Changemongers: the inside job of thought leadership

Throughout history there have been countless examples of warmongers; entrepreneurs and politicians who thrive in the disruption of war. Warmongers profit by selling arms, trading in human lives, and preying on the negative impacts these disruption events create. As mercenary and unpleasant as the idea of warmongering is, perhaps it's the context of the behaviour (rather than the behaviour itself) that's distasteful. 

Maybe the strategies mongers employed when profiting from war should be informing (to a point)  the strategies we will employ in this decade of disruption. As we approach these revolutionary ten years - where primary business models are failing, industries are closing down, jobs are being reworked and economic super powers are shifting like tectonic plates - you need to consciously position yourself to competitive advantage. You as the internal thought leader for your business need to be a changemonger.

To have this appetite for change you need to make the act of change an imperative that you lead, rather than a process that you manage.

To have this appetite for change you need to make the act of change an imperative that you lead, rather than a process that you manage. You must be willing to swim upstream. You also need to act with a somewhat revolutionary intent. It’s about being willing to take what is considered normal (and possibly sacred) and put it out to pasture in favour of what is necessary and new. This kind of change is difficult, because it goes against the safe, normalizing behaviour that got you to this point in the first place. As Dr. Marshall Goldsmith said, “What got you here may not get you there”. The problem with success is that it hardens your approach and causes you to repeat actions that worked in the past. If the speed of change is glacial, that’s fine. When it more closely resembles an avalanche, maintaining the course that brought you past successes might result in future catastrophe. 

There are a few common difficulties all changemongers face. First, you need to recognise that the signals for change are absent if you are ahead of the curve. This makes it challenging to convince others of the necessity for change, because they may not see the need until it’s already too late. Second, you need to find some wriggle room to make change outside of the system. Thirdly, you need to lead the emotions of stakeholders so that the change is experienced as an ideal evolution versus an aggressive revolution; we’re not really at war here after all, and you need to motivate your people to come along with you.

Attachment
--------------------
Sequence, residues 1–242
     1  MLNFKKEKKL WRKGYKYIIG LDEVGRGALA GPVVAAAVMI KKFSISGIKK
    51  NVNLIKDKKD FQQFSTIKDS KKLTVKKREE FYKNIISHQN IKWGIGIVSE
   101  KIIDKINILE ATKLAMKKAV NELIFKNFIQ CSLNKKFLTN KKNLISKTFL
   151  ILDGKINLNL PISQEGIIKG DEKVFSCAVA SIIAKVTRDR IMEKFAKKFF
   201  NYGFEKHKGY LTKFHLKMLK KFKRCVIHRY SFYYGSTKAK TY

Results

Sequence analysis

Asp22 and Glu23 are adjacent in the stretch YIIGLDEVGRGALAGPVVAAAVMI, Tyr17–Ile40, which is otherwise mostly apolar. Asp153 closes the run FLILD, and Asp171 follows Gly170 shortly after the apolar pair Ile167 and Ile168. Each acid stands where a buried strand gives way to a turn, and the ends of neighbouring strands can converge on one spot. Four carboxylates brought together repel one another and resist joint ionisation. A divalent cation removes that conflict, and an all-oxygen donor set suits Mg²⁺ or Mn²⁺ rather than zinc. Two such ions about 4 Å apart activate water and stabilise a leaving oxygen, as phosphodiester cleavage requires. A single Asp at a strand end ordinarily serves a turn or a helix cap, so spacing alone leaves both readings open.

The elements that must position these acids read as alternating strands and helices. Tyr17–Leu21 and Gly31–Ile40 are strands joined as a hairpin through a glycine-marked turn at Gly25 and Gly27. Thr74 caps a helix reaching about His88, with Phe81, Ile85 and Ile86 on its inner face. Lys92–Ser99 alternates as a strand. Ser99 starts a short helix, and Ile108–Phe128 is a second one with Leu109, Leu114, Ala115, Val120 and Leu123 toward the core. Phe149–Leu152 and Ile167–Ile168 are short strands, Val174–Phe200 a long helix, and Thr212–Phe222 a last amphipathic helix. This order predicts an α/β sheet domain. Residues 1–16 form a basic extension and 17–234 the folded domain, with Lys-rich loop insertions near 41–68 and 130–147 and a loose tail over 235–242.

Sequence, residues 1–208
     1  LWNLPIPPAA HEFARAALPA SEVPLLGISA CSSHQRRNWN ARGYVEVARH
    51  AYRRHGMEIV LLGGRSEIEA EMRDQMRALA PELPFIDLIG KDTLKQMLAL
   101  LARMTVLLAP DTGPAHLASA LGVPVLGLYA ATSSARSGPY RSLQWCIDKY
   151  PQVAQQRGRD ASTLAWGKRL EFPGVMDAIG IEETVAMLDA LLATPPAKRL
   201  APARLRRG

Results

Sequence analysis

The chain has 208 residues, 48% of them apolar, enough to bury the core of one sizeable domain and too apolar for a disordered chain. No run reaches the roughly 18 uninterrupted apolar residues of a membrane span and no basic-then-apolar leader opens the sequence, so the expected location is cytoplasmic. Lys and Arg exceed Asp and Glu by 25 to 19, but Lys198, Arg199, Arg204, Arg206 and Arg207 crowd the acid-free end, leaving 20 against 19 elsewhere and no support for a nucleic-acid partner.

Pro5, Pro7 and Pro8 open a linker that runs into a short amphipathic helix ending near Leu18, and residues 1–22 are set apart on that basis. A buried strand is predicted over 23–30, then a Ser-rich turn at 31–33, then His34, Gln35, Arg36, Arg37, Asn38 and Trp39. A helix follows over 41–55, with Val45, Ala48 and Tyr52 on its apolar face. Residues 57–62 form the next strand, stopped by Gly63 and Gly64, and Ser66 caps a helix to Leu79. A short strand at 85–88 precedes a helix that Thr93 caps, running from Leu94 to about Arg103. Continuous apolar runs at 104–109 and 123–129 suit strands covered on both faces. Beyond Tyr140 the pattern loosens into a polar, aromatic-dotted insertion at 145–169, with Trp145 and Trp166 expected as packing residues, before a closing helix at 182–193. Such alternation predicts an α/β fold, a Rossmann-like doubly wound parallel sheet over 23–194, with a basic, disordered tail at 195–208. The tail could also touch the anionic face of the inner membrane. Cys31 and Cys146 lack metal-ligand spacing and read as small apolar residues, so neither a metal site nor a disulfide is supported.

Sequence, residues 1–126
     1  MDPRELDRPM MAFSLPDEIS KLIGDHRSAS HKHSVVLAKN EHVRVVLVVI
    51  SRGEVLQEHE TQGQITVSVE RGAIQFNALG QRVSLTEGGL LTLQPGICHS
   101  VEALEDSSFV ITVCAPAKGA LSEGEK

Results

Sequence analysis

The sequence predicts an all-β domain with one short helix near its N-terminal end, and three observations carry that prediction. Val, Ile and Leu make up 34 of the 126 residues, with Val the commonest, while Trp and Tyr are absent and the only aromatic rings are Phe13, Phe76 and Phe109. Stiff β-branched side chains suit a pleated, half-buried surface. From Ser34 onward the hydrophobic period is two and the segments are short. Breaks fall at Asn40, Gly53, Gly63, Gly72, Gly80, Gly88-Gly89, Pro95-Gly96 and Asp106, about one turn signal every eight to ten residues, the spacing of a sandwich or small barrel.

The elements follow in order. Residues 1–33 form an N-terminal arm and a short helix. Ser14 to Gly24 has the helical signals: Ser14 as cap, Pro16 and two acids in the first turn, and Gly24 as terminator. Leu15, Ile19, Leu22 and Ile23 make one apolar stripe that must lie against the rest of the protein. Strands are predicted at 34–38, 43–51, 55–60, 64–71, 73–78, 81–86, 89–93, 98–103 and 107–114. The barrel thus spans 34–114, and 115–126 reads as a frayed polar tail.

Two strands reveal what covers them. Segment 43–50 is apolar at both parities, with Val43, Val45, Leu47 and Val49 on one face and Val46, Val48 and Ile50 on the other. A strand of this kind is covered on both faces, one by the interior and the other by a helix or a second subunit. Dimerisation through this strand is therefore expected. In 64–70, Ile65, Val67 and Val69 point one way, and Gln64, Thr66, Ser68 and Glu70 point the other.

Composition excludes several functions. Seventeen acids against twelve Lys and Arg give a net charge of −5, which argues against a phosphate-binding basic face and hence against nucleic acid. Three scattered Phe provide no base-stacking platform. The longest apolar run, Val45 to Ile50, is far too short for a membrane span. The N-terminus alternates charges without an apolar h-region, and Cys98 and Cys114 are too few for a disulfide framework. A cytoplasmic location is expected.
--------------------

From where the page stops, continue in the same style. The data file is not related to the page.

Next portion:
There are three strategies you can employ to break down these barriers:

  • Make status quo the enemy. People won’t see the same need for change as you, so you need to wage a constant war on ‘business as usual’.
  • Make embracing change a culture, not a strategy. It will be hard to change a system from within it, so you need to create a culture for change in your organisation.
  • Make leadership the change imperative. It needs to be an evolution that you lead, not a forced revolution.



“Amazon ate my server”

Amazon was looking after their own data-hosting needs when they developed all their own server technology. One day they woke up and realised that they could sell their server space to other companies with similar requirements. There was a market for ‘cloud’ storage, and most importantly, what they had developed was faster and more flexible than what all the big status quo companies were offering. 

Even the big names of technology can’t stay the big names of technology when they don’t move forwards aggressively. Dell, HP, EMC and Cisco provide servers, and Oracle and IBM offer databases. Amazon has made their traditional server technologies obsolete. With the advent of Amazon Cloud, the business model of data management has been disrupted, as servers are now essentially free and and there is open-source access to the programming that drives them. Even worse for these companies, Amazon is now going after their legacy customers – those feeling locked in to a long term relationship based on the (deliberate?) inflexibility of the provided product. Customers that these companies thought untouchable are now being given the opportunity to transfer their data to the Amazon Cloud with ease.